In the Republican “Tea Party Debate” earlier this week, when Ron Paul was asked whether or not a healthy, uninsured 30-year-old man should be left to die if an unexpected tragedy put him into a coma, he unsurprisingly replied that someone who meets such an unfortunate end without insurance should not get a safety net and therefore, as a consequence of their poor choice and lack of foresight, simply be allowed to die. (A sentiment enthusiastically cheered by the audience of doughy white people, many of whom will be imposing on the healthcare system before too long for one reason or another.)
Well, guess what? It turns out that Kent Snyder, the campaign manager of Ron Paul’s last unsuccessful run for President, died in 2008 from viral pneumonia at the age of 49, leaving an unpaid hospital bill in excess of $400,000… He may have had insurance coverage, but clearly it wasn’t anywhere nearly sufficient to cover the costs of his treatment.
So, how could this fierce libertarian zealot have allowed himself to be so inadequately insured for such an unexpected calamity?
In his response to Wolf Blitzer’s question – as he frequently does when confronted with such real or hypothetical moral dilemmas – Ron Paul wistfully described the good old days when churches, friends and neighbours would simply come to such a person’s aid. And it seems such individuals did in this case – well, sort of… and after the fact.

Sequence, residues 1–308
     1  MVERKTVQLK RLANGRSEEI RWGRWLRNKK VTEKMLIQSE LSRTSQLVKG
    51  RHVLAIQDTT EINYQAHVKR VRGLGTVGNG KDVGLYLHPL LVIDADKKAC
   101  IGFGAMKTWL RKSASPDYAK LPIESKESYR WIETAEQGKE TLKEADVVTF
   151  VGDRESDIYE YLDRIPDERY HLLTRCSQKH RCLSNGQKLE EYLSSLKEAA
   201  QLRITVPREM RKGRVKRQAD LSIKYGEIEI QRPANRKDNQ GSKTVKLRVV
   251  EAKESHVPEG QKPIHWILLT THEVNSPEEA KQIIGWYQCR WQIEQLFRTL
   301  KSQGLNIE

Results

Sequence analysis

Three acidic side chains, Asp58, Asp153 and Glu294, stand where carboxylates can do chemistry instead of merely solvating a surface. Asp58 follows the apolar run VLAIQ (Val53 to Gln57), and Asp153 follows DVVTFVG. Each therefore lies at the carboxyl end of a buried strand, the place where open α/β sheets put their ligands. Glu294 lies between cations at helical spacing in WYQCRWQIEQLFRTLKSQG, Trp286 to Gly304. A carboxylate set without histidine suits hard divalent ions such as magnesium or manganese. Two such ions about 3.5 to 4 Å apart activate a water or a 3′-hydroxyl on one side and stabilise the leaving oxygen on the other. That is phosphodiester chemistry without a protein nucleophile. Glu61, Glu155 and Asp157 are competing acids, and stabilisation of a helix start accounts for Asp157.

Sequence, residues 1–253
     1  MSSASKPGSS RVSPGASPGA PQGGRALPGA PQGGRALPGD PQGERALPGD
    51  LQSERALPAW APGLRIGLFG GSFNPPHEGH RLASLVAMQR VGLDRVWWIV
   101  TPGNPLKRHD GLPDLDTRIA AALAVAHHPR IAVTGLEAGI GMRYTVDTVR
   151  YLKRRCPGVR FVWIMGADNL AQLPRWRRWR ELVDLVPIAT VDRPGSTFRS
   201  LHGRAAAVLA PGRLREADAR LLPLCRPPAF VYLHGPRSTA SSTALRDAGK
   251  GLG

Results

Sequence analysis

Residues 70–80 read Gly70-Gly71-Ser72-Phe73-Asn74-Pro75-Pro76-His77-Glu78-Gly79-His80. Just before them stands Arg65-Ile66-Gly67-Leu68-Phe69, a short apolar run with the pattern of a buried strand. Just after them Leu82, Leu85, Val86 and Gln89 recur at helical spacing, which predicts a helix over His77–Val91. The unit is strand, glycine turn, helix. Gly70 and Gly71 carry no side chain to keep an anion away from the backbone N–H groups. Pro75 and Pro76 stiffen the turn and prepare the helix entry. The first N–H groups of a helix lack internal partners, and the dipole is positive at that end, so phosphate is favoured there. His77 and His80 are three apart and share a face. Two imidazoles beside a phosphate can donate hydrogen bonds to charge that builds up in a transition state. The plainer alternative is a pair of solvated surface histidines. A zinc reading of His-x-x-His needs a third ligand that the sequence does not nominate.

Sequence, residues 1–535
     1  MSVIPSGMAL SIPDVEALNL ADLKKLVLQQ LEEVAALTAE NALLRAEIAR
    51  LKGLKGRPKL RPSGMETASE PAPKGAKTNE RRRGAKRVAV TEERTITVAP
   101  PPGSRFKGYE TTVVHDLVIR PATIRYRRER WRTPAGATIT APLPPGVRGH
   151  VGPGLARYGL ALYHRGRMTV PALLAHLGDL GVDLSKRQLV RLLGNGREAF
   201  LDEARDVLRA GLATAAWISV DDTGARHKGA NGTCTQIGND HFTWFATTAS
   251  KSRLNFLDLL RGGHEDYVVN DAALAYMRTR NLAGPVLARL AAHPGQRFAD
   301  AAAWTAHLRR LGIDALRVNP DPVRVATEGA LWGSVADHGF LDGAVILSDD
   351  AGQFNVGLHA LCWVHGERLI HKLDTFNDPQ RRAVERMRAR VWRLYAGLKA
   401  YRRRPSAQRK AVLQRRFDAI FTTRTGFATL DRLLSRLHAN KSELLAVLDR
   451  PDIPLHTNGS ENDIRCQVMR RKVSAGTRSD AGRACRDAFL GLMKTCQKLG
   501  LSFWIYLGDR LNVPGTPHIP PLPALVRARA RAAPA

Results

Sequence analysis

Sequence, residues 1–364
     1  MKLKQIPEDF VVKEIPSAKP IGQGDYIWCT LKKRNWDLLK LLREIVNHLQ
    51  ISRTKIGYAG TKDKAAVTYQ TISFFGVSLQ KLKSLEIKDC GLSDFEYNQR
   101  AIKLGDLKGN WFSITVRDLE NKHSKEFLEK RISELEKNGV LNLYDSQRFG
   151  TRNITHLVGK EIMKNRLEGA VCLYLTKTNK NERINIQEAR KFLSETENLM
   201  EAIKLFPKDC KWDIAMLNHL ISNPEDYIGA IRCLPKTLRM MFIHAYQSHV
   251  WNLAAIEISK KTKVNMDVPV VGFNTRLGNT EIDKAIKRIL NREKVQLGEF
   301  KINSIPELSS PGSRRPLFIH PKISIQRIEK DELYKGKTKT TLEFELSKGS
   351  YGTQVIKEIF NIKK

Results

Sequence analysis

A fund was created posthumously to raise money to pay off Snyder’s $400,000 hospital tab, but it seems that it quickly ran out of steam at the about the $28,000 mark. Bottom line therefore is that the society of “welfarism” and “socialism” that Ron Paul so contemptuously abhors, most likely ended up absorbing the remaining $372,000 of his former campaign manager’s unpaid medical bills because neither he nor his church, friends or neighbours could fully account for them. Go figure.
This seems to be the problem with the libertarian doctrine… their theoretical notions individual “freedom” often don’t translate well into real world experience. In other words, when the rubber meets the road, it turns out they’re woefully impractical.
Update: Seems former Florida congressman Alan Grayson wasn’t too far off the mark after all with his controversial description of the Republican approach to healthcare as being: 1) Don’t get sick; 2) And if you do get sick… DIE QUICKLY.
Comparing Tea Partiers to the soulless robots in Bladerunner owing to their absence of empathy is classic Grayson.